“Nothing in these Rules shall limit or otherwise affect the inherent power of the Tribunal to make such orders as may be necessary to meet the ends of justice”.

[7] The main question to be decided is whether the Tribunal has jurisdiction to hear the application. Article 15 (1) of the Protocol states as follows:

“The Tribunal shall have jurisdiction over disputes between States, and between natural or legal persons and States”.

The alleged dispute in the application is between the present applicants and the applicants in the Campbell case. Since the dispute is not between persons and State, the Tribunal has no jurisdiction to hear the application, as was decided in the Mutize case, cited above.

[8] In the course of his submissions learned Counsel for the applicants laid much emphasis on Rule 70 (1) of the Rules, which is as follows:

“A Member State, Institution, or person may apply to intervene in any proceedings” (emphasis supplied).

[9] Counsel submitted that his clients could intervene in the Campbell case without having to comply with the requirements of Article 15 (1) of the Protocol. He cited in aid several rules and decisions of the International Court of Justice and some decisions of the European Court of Human Rights. We consider that the rules and authorities quoted by learned counsel are irrelevant, given the clear and unequivocal terms in which Article 15 (1) of the Protocol is couched. Rule 70 (1), which has been made under the Protocol, cannot by any means have precedence over the Protocol itself. The Rule must be read subject to the requirements laid down by the Protocol. Indeed, Rule 70 (3) (d) requires an intervener to state in his application “any basis for jurisdiction”.

[10] Further, the application does not satisfy the requirements of Rule 70 (2), which in the relevant part reads as follows:

“An application in terms of this Rule shall be made as soon as possible and not later than the closure of the written proceedings…”

[11] The written pleadings in fact had closed on 25 February, 2008. The application was therefore made after the closure of the pleadings. The fact that the Tribunal exercised its discretion, pursuant to Rule 2 (2), in allowing a party to submit certain documents after the closure of pleadings, in order to meet the interests of justice, did not amount to a re-opening of pleadings. Any contention to the contrary would, in our opinion, be untenable.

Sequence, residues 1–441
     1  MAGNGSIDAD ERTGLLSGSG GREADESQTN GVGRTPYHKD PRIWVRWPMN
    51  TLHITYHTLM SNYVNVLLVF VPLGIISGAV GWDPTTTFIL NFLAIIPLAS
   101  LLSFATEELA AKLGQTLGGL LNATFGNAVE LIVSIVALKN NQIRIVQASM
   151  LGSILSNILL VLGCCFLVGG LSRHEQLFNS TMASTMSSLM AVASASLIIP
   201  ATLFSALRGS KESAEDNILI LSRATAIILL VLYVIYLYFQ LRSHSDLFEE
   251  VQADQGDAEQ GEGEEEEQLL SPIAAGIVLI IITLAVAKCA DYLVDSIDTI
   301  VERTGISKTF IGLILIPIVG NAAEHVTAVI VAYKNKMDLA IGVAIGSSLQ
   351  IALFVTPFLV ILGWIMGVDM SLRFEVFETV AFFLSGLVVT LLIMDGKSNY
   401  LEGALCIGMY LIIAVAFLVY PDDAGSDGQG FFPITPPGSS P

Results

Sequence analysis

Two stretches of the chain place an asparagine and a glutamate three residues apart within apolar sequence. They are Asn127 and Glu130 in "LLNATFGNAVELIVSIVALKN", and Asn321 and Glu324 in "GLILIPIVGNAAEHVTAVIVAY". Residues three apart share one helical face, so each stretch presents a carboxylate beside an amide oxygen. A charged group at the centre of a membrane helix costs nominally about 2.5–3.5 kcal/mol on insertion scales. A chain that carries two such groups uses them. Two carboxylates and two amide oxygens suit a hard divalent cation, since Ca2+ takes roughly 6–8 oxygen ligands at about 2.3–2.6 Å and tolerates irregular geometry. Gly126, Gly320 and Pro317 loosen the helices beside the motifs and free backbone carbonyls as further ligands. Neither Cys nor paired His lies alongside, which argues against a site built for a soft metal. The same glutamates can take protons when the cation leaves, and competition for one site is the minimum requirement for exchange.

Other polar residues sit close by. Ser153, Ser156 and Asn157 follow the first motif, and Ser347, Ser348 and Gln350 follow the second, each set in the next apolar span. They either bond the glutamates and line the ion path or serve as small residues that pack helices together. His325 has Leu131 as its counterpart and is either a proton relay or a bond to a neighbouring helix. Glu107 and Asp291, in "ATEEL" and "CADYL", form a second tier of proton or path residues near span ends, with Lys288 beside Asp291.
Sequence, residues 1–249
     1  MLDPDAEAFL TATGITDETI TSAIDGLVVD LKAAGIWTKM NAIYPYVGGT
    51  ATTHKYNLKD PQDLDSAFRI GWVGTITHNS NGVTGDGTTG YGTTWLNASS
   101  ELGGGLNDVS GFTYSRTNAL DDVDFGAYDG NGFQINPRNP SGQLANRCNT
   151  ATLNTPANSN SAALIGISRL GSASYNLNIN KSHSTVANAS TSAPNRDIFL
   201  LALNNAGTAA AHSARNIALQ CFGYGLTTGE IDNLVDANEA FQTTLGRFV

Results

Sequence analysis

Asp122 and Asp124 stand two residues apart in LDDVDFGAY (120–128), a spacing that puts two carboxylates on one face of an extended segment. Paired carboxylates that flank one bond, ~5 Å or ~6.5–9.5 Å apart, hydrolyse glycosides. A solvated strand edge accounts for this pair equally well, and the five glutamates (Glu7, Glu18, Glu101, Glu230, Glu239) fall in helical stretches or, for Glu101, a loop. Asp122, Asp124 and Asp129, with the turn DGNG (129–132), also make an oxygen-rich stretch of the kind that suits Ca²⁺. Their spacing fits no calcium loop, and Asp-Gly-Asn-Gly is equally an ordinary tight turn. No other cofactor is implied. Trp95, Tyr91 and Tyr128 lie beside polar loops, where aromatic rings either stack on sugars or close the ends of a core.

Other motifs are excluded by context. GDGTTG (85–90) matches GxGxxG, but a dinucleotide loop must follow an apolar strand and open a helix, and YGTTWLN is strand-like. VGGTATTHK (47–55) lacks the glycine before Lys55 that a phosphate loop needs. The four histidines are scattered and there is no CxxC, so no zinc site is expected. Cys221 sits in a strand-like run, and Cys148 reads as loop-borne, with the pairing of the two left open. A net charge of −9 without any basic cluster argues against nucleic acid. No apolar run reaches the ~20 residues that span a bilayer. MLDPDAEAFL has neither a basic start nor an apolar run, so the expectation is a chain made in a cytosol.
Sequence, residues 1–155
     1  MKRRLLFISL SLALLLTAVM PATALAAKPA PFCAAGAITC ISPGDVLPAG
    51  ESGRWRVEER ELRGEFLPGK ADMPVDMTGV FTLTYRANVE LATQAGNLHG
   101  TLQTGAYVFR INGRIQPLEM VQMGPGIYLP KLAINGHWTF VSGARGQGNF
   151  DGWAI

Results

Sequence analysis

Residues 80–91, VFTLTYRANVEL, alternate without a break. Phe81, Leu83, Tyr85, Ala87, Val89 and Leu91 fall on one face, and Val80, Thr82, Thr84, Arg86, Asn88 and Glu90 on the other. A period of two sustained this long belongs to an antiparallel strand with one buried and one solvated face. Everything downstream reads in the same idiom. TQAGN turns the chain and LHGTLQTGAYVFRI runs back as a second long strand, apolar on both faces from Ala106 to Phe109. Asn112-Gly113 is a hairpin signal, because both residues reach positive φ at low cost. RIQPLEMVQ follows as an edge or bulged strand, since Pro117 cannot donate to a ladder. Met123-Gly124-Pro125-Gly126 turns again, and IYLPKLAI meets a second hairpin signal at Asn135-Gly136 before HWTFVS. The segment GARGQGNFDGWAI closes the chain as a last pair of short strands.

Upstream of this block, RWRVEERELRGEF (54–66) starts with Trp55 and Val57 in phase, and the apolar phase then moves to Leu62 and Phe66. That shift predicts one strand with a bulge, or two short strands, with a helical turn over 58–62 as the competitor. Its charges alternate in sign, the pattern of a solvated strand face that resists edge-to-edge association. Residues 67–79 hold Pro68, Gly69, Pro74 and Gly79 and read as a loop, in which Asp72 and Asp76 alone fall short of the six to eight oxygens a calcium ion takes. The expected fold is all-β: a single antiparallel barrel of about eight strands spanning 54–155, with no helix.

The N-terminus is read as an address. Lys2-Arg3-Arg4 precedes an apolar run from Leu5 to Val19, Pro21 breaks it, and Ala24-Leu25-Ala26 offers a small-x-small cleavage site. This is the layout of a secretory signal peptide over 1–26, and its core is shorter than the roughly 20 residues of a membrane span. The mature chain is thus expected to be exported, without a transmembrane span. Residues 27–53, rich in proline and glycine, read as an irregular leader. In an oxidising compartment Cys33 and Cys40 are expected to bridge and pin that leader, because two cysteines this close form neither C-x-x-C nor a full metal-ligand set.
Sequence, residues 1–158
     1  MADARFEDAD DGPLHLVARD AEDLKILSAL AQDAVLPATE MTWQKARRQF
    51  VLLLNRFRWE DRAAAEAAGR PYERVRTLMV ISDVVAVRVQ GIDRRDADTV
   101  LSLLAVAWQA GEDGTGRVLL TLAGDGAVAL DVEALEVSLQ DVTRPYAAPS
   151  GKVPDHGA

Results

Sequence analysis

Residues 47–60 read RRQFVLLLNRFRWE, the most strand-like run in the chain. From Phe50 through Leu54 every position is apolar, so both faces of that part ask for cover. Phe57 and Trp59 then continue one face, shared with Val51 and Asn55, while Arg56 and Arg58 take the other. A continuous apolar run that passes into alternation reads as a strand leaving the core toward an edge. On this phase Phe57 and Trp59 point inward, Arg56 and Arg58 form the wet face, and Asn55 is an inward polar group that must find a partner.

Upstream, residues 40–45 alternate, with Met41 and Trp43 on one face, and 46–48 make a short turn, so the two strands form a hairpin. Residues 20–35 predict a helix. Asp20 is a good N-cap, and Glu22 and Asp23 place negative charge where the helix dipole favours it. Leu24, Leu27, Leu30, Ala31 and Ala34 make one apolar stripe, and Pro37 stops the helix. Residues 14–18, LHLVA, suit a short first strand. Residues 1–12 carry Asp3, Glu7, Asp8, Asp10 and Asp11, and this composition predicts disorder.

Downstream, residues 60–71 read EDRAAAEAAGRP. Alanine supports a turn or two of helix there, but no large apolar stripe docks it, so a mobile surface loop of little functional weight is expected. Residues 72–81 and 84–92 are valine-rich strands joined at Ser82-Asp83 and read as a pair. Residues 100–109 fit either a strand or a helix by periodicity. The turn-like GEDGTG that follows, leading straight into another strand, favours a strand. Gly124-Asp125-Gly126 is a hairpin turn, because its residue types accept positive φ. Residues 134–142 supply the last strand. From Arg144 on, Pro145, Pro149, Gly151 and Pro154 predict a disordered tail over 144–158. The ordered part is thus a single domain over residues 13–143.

[12] There is an additional reason for rejecting the application. The applicants have not shown an interest of a legal nature which may be affected by our decision on the issues raised in the Campbell case. The main issues in the Campbell case are the denial of access to justice, racial discrimination and compensation. We fail to see how the interests of the applicants would be affected by our decision on these issues since the applicants have not adduced any evidence before us to the effect that they have indeed been denied access to justice and have suffered racial discrimination or loss.

[13] Learned Counsel for the applicants also raised the issue of joinder, relying on Rule 39, which states as follows:

“The Tribunal may at anytime direct that the proceedings in two or more cases be joined for purposes of written or oral submissions or of the final decisions”.

[14] There is no basis for this contention since there are no cases to be joined.

[15] For these reasons, we consider that the application for intervention has not been made out. In fact, this application is frivolous, constitutes an abuse of process and is consequently thrown out.

[16] In the circumstances, we make an order of costs against the applicants under Rule 78 (2). The costs are to be determined by the Registrar if the parties are not agreed.

Delivered in open court this 17th Day of September, 2008 at Windhoek in the Republic of Namibia.


H.E Justice Dr Luis Antonio Mondlane

H.E Justice Ariranga Govindasamy Pillay

H.E Justice Isaac Jamu Mtambo, SC

H.E Justice Dr Rigoberto Kambovo

H.E Justice Dr Onkemetse B. Tshosa